Williams et al. (2012) introduce the concept of intersectionality theory from the field of sociology and apply this approach to disparities in lung cancer as a model. This article underscores the need to incorporate gender, race/ethnicity, and socioeconomic factors when analyzing disparities in lung cancer risk, treatment, and outcomes. The intersectional lens illustrated in this review helps unpack the factors that heighten risk, and how this information might help target interventions by noting the "distinct patterns of risk and resilience [that] emerge at these intersections." This article supports a more nuanced approach to racial/ethnic categories for identifying potential epigenetic effects of cancer risk, given the differences in residential segregation and occupational environments by race/ethnicity, socioeconomic status, and gender.
With an in-depth consideration of residential segregation, White, Haas, and Williams (2012) highlight the role of place in health care disparities. They emphasize the influence of segregation operating in neighborhoods and health care systems to shape access to health care and the quality of preventive, diagnostic, therapeutic, and end-of-life services across the life course. The authors make a compelling case for how segregation continues to have lasting implications and serious consequences for the well-being of both individuals and communities.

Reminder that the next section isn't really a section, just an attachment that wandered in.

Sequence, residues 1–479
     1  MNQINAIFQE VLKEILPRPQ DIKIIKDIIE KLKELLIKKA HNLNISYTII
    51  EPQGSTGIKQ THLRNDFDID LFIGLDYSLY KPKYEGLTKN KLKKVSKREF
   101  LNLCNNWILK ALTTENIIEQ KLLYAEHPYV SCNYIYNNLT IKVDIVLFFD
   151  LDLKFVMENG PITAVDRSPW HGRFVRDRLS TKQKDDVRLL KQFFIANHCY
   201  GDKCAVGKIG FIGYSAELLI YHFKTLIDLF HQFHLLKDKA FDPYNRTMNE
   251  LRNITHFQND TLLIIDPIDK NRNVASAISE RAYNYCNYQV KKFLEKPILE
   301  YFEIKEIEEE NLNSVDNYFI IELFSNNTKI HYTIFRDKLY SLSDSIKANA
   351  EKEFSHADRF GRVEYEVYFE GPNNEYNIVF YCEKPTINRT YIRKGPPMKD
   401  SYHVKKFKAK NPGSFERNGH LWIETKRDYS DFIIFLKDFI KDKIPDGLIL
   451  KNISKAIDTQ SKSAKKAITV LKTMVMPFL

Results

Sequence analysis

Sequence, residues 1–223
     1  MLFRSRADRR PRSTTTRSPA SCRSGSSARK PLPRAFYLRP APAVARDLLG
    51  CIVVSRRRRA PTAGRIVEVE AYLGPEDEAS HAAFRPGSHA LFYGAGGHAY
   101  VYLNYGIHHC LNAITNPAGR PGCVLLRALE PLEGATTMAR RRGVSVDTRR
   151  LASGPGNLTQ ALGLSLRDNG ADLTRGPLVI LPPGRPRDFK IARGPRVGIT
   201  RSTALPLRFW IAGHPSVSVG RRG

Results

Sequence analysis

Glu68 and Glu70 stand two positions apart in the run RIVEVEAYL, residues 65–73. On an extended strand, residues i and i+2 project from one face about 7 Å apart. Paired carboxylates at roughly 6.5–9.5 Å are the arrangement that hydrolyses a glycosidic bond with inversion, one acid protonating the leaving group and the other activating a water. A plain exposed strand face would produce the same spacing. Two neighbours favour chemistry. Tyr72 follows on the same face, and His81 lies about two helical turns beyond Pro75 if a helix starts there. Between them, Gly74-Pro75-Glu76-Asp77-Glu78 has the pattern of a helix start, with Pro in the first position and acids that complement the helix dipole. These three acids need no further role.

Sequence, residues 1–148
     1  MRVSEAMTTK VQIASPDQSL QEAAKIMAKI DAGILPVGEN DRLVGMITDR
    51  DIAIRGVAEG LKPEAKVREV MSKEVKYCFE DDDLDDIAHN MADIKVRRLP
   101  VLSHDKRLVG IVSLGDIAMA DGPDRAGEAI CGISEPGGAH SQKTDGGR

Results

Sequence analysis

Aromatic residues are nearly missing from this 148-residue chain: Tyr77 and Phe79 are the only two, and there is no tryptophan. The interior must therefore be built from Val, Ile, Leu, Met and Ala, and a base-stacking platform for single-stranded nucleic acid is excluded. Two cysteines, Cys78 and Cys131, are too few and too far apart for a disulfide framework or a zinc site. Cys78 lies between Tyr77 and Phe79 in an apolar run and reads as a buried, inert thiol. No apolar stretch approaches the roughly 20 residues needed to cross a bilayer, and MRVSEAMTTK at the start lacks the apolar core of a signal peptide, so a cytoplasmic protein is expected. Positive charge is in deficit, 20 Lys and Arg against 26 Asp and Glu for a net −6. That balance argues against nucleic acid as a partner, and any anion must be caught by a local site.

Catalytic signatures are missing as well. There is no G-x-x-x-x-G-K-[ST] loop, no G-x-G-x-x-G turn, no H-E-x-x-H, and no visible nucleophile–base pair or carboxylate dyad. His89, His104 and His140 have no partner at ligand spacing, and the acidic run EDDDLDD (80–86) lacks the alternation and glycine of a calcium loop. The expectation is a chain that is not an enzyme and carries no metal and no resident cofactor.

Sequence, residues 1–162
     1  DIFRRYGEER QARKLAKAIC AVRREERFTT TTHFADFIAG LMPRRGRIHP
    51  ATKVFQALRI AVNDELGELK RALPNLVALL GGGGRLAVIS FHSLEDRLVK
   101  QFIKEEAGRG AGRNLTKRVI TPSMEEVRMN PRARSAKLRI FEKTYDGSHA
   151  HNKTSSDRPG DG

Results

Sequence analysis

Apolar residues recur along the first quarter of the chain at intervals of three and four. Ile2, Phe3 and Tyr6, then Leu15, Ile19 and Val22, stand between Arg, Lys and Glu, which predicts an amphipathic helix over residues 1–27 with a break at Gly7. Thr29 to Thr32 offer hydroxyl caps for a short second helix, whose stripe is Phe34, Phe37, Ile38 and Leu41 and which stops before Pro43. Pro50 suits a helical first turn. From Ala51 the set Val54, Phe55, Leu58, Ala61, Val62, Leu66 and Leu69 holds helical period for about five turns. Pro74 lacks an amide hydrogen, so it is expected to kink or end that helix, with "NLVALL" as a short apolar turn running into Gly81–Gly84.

The next two articles by Zaslavsky, Ayanian, and Zaborski (2012) and Alegria et al. (2012) present empirical analyses of key topics related to disparities measurement. Over the past two decades, data from the Medicare program have been widely used to assess racial disparities in health care for elderly Americans. Using self-reported data on race and ethnicity from Medicare beneficiaries in the Consumer Assessment of Healthcare Providers and Systems (CAHPS) survey during 2010, Zaslavsky, Ayanian, and Zaborski (2012) compared these self-reports with administrative records of race/ethnicity in the Medicare enrollment database. They found that designations of white or black race were generally accurate in Medicare enrollment data, but Hispanic, Asian, Pacific Islander, and American Indian beneficiaries were underidentified. A novel finding was that beneficiaries identified by Medicare enrollment data in these latter four groups were poorer and reported worse health and health care experiences than others in these self-reported groups who were not identified by Medicare data. In 2009 the IOM strongly recommended that health care organizations collect data on patients' race, ethnicity, and language with more consistent and standardized methods using both direct and indirect measures to address disparities in quality of care (Ulmer, McFadden, and Nerenz 2009). The study by Zaslavsky and colleagues provides a reminder, however, that the national infrastructure to ascertain reliable data on race and ethnicity is still lacking.